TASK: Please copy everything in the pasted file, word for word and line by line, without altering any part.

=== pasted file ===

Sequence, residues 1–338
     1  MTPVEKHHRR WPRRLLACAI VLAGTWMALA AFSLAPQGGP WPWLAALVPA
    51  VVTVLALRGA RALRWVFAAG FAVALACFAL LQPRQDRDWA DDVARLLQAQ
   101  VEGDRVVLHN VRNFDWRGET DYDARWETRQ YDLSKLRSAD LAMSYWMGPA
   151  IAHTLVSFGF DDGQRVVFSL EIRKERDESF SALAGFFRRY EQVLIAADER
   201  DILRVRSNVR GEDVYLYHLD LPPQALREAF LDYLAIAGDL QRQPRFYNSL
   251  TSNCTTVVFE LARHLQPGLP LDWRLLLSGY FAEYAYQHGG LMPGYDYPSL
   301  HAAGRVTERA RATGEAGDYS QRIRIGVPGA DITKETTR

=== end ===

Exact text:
Sequence, residues 1–338
     1  MTPVEKHHRR WPRRLLACAI VLAGTWMALA AFSLAPQGGP WPWLAALVPA
    51  VVTVLALRGA RALRWVFAAG FAVALACFAL LQPRQDRDWA DDVARLLQAQ
   101  VEGDRVVLHN VRNFDWRGET DYDARWETRQ YDLSKLRSAD LAMSYWMGPA
   151  IAHTLVSFGF DDGQRVVFSL EIRKERDESF SALAGFFRRY EQVLIAADER
   201  DILRVRSNVR GEDVYLYHLD LPPQALREAF LDYLAIAGDL QRQPRFYNSL
   251  TSNCTTVVFE LARHLQPGLP LDWRLLLSGY FAEYAYQHGG LMPGYDYPSL
   301  HAAGRVTERA RATGEAGDYS QRIRIGVPGA DITKETTR